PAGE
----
Michelle Wie West on Motherhood, Pain and a Possible Return to Golf

Michelle Wie West’s eyes were not hollowed by exhaustion, as one might have expected of a first-time mother of a 1-month-old. Her face was not streaked with tears, as it was 13 months ago after her injury-plagued body failed her yet again, lending a hint of finality to a golf career that had once seemed limitless.

This week, Wie West, 30, looked and sounded refreshed during a virtual news conference to announce her appointment as an assistant captain for the 2021 Solheim Cup. She talked about motherhood and hinted at a possible return to competition and laughed off any mention of her rested appearance. “It’s concealer and coffee, the two C’s,” she said with a laugh.

Over Wie West’s right shoulder hung one of several self-portraits she had painted over the years, this one of a woman in black-and-white with her hair piled high atop her head, set against a pastel, sponged background. The unframed painting, one of a few decorating the walls of her San Francisco home, exudes a serenity that was absent in her earlier portraits, like the one from her teens of a woman with long black hair, sad eyes and a boarded-up mouth.

Wie West has been in the public eye since 2000, when, at age 10, she became the youngest player to qualify for the United States Women’s Amateur. Over the past two decades she has won five L.P.G.A. titles, including the 2014 United States Women’s Open, earned an undergraduate degree in communications from Stanford and nearly made the cut in a PGA Tour event. Along the way she became a sort of Rorschach test for parents who saw her story as a childhood lost in the pursuit of riches or one saved by an emphasis on education; a child’s passion nurtured by loving, caring parents or one undermined by their active involvement.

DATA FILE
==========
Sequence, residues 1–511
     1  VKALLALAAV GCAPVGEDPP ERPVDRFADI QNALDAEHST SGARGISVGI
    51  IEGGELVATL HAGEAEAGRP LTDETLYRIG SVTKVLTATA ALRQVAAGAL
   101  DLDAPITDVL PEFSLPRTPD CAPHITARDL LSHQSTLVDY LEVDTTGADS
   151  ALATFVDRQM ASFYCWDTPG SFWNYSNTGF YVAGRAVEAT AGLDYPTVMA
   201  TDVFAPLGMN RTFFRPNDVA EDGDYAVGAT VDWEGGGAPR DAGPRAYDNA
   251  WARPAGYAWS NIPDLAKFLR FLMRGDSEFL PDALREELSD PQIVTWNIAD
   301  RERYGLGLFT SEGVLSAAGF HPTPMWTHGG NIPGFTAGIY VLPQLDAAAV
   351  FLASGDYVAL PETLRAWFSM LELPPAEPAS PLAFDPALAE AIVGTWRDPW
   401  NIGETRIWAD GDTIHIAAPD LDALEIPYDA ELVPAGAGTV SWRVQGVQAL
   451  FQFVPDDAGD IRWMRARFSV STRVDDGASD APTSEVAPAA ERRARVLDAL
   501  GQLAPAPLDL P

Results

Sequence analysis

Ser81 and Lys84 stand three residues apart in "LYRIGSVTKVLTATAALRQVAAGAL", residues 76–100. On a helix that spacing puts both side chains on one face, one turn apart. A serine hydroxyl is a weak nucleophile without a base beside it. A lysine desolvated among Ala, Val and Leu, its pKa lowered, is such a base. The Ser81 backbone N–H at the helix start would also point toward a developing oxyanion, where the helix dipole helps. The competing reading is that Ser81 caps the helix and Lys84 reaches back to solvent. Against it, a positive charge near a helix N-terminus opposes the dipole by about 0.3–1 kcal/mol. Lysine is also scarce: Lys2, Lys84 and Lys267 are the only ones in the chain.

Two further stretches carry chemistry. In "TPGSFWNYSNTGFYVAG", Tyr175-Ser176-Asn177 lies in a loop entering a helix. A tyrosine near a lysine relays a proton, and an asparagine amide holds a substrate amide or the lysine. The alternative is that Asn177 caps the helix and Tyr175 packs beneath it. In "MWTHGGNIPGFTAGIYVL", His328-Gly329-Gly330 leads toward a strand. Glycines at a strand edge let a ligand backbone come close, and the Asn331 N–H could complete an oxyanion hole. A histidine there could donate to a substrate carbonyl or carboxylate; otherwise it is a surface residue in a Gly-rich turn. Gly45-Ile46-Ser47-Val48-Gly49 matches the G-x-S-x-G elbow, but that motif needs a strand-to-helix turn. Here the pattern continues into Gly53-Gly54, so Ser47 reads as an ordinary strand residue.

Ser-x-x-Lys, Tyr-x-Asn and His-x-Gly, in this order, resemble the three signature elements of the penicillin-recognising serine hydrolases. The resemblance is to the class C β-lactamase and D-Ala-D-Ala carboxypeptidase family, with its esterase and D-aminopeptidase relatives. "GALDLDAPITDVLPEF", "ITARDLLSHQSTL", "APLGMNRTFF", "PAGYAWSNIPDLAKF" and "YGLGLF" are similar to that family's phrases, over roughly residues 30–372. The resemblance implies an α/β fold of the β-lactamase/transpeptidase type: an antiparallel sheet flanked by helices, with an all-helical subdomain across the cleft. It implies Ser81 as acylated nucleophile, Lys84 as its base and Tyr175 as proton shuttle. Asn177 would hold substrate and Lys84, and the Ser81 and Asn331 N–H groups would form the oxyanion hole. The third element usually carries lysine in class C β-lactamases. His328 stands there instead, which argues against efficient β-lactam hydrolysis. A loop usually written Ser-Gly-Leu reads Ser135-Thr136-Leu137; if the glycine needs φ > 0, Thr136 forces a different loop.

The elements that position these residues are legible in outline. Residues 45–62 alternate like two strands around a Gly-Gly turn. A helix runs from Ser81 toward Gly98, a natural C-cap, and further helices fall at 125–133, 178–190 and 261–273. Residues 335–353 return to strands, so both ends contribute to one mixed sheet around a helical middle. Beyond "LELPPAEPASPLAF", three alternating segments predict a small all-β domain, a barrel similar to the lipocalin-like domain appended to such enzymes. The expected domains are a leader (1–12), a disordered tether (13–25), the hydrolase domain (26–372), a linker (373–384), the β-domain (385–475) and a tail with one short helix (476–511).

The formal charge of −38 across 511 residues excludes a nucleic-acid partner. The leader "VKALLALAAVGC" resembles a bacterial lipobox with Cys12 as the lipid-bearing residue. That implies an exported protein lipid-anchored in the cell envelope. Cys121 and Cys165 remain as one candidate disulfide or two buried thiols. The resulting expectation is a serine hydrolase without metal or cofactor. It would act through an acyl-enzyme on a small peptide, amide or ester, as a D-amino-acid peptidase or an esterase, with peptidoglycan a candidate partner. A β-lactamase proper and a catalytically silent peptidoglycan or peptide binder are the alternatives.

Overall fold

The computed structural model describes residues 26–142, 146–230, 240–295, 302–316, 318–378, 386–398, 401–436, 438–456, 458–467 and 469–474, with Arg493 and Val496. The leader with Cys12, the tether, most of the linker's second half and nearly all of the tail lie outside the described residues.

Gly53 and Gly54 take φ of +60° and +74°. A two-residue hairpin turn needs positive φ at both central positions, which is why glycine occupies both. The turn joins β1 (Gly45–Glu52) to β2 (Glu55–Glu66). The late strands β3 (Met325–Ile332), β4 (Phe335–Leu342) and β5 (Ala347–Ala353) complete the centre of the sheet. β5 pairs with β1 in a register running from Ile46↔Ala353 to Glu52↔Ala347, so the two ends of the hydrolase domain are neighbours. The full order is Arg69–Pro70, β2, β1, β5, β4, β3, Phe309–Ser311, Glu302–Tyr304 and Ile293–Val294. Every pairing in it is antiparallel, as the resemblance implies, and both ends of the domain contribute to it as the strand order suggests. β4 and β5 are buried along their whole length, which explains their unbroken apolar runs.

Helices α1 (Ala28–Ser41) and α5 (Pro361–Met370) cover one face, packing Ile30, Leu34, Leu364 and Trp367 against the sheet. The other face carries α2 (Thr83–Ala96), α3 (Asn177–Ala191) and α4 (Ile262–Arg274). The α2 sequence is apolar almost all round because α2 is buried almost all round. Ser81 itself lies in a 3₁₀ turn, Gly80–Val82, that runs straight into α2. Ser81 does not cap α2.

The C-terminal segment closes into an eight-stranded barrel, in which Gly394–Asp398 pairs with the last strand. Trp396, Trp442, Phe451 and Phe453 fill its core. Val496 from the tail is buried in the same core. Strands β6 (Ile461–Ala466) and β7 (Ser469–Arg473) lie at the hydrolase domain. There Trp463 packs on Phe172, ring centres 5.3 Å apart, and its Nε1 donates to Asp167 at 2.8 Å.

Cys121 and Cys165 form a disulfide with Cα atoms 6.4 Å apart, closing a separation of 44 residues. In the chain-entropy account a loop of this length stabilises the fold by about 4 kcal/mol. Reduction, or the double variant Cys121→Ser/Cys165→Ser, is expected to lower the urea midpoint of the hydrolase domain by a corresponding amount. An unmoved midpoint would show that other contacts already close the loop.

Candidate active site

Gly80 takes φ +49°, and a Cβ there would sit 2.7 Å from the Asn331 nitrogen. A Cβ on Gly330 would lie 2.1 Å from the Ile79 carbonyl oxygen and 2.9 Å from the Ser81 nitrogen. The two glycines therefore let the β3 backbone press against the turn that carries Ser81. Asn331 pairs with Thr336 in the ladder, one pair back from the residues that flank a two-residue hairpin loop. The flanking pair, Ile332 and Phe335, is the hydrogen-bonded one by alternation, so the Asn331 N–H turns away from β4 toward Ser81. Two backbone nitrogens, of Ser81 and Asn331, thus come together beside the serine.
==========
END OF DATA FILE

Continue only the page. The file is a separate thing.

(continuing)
To become a parent is often to see your own childhood in sharper relief. Wie West said she hasn’t thought intently about how she will raise her daughter, Makenna Kamalei Yoona West, though she is sure of this: She hopes to give her the siblings that she, an only child, grew up yearning for, and the fluency in Korean that she is so glad her South Korean-born parents insisted upon.

“I remember I used to hate my parents for making me go to Korean school on Saturdays,” Wie West said as her daughter made cooing noises while napping in her lap. “But that is something that I’ll definitely be doing, because being able to speak Korean is very important to me.”

Her daughter, who arrived four weeks before her due date, already has a custom-made wedge and putter. Wie West’s husband, Jonnie, an executive with the Golden State Warriors, played basketball through college, at West Virginia, the alma mater of his father, Jerry.

“My husband is such a golf nerd, I’m sure he’s going to try to put a golf club in her hands as soon as possible, just because I really think he wants to play with her one day,” Wie West said. “We’ll see whether she grabs a basketball or a golf club. Hopefully we’ll put her in a lot of sports.”